What are the Different Schizophrenia Symptoms?

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  • Written By: Caitlin Kenney
  • Edited By: Bronwyn Harris
  • Last Modified Date: 01 November 2018
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Schizophrenia symptoms vary between conditions and patients. Schizophrenia is the collective term for a group of mental disorders in which the patient’s perception of reality is distorted or abnormal. Because the psychotic signs of schizophrenia may be caused by other medical conditions or drugs, schizophrenia may be tricky to diagnose and depends on the assessment of psychiatrists, the patient’s reports, and the observations of loved ones. Schizophrenia symptoms are typically classified as positive symptoms or negative symptoms. Positive symptoms are the schizophrenic behaviors and thoughts not present in healthy individuals and negative symptoms are actions and thought processes that are present in healthy individuals, but lacking in schizophrenic patients.

Positive schizophrenia symptoms include hallucinations, disorganized thought, extreme disorganized behavior, and delusions. A hallucination is a sensory experience of something that did not happen, such as hearing voices or seeing things that don’t exist. Disorganized thought is characterized by a difficulty putting together thoughts and words, gross inability to stay focused, and “word salad,” the incoherent stringing together of meaningless words. A person with disorganized behavior may become irrationally agitated or act inappropriately, such as being childish or laughing in serious settings.


Delusions are a common symptom of schizophrenia that occur when a patient holds beliefs that have been disproved or are out of touch with reality. Patients with delusions of grandeur falsely believe that they are very powerful, famous, or gifted with special abilities. Those with delusions of reference believe that irrelevant things in their surroundings are related to them, like believing that conversations between strangers are about them or that events in another part were designed to convey a special meaning for them. Patients with paranoid delusions, or delusions of persecution, believe that innocuous things are trying to harm them, such as believing that friends are trying to control the schizophrenic person’s mind. Somatic delusions occur when the person falsely believes that something is wrong or has been changed in his body.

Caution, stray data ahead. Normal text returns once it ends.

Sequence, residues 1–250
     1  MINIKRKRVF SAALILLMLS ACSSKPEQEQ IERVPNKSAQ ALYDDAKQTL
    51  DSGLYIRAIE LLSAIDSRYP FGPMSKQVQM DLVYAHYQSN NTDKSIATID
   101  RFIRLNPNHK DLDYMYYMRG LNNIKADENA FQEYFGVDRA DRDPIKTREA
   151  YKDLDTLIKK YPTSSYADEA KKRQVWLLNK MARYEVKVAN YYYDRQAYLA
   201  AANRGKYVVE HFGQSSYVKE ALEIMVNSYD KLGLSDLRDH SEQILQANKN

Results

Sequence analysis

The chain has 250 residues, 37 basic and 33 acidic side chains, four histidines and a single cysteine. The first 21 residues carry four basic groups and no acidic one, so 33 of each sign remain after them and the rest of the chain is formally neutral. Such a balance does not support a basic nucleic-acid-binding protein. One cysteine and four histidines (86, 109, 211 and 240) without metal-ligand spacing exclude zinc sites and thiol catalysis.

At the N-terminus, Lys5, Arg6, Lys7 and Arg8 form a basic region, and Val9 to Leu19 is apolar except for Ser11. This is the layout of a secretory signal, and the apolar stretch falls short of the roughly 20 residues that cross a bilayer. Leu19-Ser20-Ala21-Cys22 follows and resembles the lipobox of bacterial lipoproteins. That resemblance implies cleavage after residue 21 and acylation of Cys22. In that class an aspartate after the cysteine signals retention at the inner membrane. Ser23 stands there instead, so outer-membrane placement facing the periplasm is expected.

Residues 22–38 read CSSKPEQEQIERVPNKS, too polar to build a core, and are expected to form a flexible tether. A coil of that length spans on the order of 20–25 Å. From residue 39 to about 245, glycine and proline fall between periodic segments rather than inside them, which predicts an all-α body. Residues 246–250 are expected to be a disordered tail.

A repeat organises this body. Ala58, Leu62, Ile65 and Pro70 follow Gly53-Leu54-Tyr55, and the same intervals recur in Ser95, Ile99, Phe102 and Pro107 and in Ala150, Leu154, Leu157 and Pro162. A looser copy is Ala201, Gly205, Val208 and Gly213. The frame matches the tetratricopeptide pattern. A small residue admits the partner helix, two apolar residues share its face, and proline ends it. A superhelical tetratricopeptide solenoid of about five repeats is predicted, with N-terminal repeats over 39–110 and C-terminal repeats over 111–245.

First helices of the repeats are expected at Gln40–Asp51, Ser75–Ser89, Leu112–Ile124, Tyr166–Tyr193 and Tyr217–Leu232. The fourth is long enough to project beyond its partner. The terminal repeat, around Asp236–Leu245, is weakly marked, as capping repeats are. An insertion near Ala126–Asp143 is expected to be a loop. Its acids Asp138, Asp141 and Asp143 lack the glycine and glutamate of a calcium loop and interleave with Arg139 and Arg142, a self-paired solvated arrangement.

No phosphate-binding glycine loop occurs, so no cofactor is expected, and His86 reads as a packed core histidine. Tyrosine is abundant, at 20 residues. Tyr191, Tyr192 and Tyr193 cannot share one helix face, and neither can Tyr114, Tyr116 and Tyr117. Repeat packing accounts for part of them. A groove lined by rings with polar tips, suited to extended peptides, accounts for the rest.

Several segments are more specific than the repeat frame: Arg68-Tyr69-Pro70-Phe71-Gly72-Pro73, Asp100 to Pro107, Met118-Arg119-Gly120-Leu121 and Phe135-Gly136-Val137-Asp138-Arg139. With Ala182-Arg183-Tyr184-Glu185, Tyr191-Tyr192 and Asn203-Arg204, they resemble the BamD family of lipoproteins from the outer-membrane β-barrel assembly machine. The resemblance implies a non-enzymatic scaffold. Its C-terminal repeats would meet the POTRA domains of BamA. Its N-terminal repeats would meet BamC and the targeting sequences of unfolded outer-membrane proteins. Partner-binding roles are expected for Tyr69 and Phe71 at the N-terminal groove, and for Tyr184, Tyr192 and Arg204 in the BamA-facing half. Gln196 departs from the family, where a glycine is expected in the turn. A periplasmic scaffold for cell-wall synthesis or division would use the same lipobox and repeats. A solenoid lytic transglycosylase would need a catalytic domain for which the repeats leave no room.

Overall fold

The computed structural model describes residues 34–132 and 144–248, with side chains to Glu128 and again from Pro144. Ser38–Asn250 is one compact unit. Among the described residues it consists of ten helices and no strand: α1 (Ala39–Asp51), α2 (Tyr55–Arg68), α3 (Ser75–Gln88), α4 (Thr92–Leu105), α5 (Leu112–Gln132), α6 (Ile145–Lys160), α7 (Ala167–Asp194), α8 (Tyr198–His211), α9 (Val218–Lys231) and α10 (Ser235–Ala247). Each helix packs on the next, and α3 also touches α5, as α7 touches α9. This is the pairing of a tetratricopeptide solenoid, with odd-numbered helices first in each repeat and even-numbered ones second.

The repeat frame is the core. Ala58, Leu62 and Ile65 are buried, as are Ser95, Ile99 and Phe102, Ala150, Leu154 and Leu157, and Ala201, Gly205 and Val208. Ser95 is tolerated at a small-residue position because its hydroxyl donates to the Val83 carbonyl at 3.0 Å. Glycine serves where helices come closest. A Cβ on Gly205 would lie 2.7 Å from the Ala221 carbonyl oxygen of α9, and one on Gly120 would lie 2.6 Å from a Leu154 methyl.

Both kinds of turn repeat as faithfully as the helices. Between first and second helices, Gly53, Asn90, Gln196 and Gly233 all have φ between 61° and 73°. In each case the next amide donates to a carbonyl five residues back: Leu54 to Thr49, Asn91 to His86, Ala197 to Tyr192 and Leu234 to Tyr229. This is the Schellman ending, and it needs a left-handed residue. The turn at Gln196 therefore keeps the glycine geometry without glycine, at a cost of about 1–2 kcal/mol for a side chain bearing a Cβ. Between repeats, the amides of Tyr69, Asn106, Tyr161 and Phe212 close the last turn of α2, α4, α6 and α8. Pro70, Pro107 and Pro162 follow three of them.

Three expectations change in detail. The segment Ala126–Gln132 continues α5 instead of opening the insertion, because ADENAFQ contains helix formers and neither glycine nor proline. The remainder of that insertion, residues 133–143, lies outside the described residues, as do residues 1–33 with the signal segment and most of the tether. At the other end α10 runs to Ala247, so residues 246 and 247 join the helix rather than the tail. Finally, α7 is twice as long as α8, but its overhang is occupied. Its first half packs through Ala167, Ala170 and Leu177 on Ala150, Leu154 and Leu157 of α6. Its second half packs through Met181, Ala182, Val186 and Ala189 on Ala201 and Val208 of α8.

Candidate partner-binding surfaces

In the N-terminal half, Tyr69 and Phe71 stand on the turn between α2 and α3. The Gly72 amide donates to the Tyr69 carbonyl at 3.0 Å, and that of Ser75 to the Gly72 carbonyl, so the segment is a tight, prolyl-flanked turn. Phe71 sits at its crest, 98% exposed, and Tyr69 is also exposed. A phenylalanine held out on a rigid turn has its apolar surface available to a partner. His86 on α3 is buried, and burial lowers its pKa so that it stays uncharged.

Negative schizophrenia symptoms tend to persist even when positive symptoms have temporarily subsided and often appear months or years before the onset of positive symptoms. Negative symptoms include alogia, avolition, loss of emotion, social isolation, and loss of interest in previously enjoyable activities. Alogia is an inability to produce speech quickly or fluently and often presents with abnormally short response and halting communication. Avolition is the loss of the ability to make plans or meet goals, exacerbating the difficulty schizophrenic patients have with making friends. The person may also have affective flattening, in which the face does not react, often staring or frowning for long periods of time.

The cause of schizophrenia is still unknown, but schizophrenic symptoms can often be controlled with treatment. People with schizophrenia are frequently unaware of their psychotic symptoms, so it is usually up to friends, family, and coworkers to recognize the disorder and suggest seeing a doctor. If the person does not want medical help and has suicidal thoughts or poses a threat to others, loved ones should call an emergency healthcare network and consider having the person involuntarily committed.

Schizophrenia symptoms typically begin in young adulthood; between the ages of twenty and forty in women and in the teens or twenties in men. The onset of schizophrenia in people over forty or children is uncommon, but can happen. Those with the disorder should seek treatment, as the schizophrenia symptoms often worsen over time and can impede upon the person’s ability to carry out normal activities such as bathing and dressing.



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